Amazon.com: Customer Reviews: A Ripple From the Storm (Children of Violence)
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on December 9, 2003
Trying to understand the mid-20th century? Race relations, facism, colonials, communism, sexual politics? Take a ride with Doris Lessing through her strange and fictional small town in southern Africa. This was probably my favorite book of the Children of Violence series, perhaps because in it, Martha actually takes some action. Admittedly, she and her friends are running around like rabbits and will never accomplish anything substantial in the field of race relations, but they're trying, desperately, as they marry the latest currents in European liberal thinking to the absurdities of colonial life.
Steal this book!
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on September 18, 2000
Lessing presents us here to a third (or forth) phase in the life of Martha Quest, a white woman in "Zambezia", a colonialist state in Africa. "children of violence" which consists the present book is a highly recommended series as a whole, but the whole is to be differentiated as the fifth book belongs to a different genre if to any existing one. the former books, this one included, on the other hand, make an important contribution to female bildungsroman, as Lessing tells us with what i heard to be a tone of apology, in the end of the fifth book. "a ripple in the storm", specifically, suggest some more categories. it faces us with a small comunist group in "Zambezia" through world war 2 which implies all the domain of questions from justice to power in its external and internal spheres, to the state of an individual inside a storm. the story is rich, clever, subtle. it leads us to the continuance of changing and growing of Martha (the author seems to hold a certain popular enough judgement of comunism as something to grow of personally and historically, though not without retaining something of it). it leads us there as if by ourselves. it's not that you want to be or feel yourself to be Martha, actually Martha is half hidden - to herself too - in the turbulence of activity, this is part of the story. it is that you can imagine your shade appearing there in the little rooms. another point,one gets a sad description of the status of women in an example of an ideologically egalitarian organization. this fact is made clear thoroghly by description. one might believe the author doesn't even know this fact (but of course, one shouldn't).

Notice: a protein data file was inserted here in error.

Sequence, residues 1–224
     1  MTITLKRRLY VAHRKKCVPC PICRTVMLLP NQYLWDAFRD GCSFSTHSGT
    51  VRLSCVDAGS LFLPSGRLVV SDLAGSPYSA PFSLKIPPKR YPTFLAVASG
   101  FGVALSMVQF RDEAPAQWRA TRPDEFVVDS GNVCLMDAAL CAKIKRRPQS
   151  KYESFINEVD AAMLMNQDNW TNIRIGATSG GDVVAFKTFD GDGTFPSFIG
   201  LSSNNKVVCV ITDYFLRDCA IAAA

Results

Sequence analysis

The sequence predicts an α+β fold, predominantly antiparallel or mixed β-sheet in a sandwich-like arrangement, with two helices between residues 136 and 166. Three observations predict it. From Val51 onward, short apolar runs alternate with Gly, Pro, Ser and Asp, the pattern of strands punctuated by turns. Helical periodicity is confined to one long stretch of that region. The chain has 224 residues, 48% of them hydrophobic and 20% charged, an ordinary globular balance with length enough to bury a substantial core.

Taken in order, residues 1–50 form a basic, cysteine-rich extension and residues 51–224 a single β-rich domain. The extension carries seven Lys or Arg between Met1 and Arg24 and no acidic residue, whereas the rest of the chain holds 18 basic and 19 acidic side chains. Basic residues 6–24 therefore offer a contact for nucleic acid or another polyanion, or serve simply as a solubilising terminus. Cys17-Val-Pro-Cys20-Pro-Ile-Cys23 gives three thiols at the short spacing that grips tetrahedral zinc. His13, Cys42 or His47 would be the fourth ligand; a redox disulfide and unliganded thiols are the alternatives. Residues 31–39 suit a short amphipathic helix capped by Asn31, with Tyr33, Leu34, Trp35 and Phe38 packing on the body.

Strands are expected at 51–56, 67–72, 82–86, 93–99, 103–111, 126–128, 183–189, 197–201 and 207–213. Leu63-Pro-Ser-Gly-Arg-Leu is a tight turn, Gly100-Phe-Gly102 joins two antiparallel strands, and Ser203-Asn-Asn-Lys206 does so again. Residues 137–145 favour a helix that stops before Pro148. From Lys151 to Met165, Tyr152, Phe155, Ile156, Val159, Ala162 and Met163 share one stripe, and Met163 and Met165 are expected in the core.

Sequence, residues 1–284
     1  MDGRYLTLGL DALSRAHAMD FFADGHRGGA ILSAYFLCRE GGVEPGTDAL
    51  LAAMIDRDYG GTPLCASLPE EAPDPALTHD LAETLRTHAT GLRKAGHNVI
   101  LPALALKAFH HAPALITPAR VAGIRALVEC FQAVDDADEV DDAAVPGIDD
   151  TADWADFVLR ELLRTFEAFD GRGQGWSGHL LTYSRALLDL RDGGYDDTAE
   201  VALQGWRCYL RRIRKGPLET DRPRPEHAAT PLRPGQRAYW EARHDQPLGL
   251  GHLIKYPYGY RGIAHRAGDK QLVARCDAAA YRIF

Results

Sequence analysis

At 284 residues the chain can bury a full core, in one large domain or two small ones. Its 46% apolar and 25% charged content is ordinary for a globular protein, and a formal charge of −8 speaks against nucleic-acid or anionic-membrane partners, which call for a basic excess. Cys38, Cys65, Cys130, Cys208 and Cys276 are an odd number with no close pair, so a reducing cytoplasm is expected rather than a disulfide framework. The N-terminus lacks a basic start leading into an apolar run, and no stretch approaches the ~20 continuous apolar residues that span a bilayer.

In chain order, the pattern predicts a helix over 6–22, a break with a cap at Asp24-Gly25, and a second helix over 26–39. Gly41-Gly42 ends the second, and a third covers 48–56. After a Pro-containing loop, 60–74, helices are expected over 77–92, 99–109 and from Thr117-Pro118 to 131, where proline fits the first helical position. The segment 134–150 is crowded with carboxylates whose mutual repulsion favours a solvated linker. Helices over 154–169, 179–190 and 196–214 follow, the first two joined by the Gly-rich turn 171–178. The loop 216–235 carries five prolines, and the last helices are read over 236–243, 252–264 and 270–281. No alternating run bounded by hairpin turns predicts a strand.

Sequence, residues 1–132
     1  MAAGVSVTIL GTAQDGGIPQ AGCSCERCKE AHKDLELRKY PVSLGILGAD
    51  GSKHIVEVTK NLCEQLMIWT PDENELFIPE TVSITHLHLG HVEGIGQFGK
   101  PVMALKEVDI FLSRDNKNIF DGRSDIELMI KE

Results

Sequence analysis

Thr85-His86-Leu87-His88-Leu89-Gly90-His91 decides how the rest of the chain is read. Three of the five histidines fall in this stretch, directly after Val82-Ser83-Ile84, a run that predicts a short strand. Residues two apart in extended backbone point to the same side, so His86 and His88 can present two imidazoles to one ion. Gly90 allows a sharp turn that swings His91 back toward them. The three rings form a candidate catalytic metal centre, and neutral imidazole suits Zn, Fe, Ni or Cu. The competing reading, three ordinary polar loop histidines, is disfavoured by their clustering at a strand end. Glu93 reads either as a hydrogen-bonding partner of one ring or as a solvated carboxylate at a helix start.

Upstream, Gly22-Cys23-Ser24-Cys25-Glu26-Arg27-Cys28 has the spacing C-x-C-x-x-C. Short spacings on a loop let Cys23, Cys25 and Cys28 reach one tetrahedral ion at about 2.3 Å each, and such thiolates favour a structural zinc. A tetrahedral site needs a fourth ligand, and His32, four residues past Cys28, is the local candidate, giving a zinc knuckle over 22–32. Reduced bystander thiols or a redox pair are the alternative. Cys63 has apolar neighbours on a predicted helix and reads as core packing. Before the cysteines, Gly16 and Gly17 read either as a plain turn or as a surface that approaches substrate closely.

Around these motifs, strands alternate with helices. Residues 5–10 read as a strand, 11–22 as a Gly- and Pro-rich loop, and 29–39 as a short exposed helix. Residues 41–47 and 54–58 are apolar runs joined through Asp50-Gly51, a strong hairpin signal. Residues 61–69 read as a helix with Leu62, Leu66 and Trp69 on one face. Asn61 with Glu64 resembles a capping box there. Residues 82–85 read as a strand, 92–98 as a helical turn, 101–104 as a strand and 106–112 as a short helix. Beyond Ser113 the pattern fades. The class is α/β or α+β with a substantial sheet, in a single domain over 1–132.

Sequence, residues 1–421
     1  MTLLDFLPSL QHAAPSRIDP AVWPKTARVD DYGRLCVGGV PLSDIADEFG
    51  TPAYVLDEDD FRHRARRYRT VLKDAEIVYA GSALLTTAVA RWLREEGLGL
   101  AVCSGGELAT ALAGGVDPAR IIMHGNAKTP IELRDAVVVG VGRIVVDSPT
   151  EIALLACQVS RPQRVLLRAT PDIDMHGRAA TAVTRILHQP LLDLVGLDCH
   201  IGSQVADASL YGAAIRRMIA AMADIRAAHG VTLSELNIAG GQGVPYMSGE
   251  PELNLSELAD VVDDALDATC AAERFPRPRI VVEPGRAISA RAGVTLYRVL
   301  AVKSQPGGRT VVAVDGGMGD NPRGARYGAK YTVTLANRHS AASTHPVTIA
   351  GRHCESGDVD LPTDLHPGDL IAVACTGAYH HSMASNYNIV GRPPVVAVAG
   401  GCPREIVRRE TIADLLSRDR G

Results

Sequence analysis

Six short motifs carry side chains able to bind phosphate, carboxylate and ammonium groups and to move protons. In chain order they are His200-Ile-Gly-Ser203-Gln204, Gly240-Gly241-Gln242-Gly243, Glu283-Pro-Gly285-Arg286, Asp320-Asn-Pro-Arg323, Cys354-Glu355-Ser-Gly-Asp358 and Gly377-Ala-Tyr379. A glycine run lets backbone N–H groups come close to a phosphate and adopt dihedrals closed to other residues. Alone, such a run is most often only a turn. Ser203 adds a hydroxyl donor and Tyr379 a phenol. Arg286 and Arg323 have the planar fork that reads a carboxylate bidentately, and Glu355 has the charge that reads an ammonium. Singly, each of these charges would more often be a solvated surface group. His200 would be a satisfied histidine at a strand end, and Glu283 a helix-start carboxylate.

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on April 27, 2014
That's it, I'm done with Kindle version of this series. I suffered through multiple misspellings and punctuation errors in "Martha Quest" and "A Proper Marriage" but in the first chapter of "A Ripple From The Storm" I'm confronted with "[Jasmine] ...intended to live with Jackie Cooper when the war was over..." Who? It's Jackie BOLTON!!! The same problem was in the first book, switching "Penny" for "Perry." Very shoddy treatment of a classic book, I want my money back!
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on July 21, 2014
The third book in Doris Lessing's Children of Violence series featuring her semi-autobiographical alter ego Martha Quest, A Ripple in the Storm finds Martha deep in the throws of youthful idealism at the expense of her personal life. Following her coming of age (book one, Martha Quest) and first marriage (book two, A Proper Marriage), the Martha of Ripple in the Storm is separated from hapless first husband Douglas and from her young daughter Caroline while being deeply immersed in the activities of the local Communist Party in Zambesia (a fictional South African country based on Rhodesia, where Lessing grew up).

The best parts of this book for me were the accounts of the endless party meetings Martha participates in where hairs are split, mountains are made of molehills, factionalism dominates and the anal retentive tendencies of Marxist doctrine are on full display. Behind it all is a rather vivid portrait of racial relations in Rhodesia and South Africa in the mid-20th century.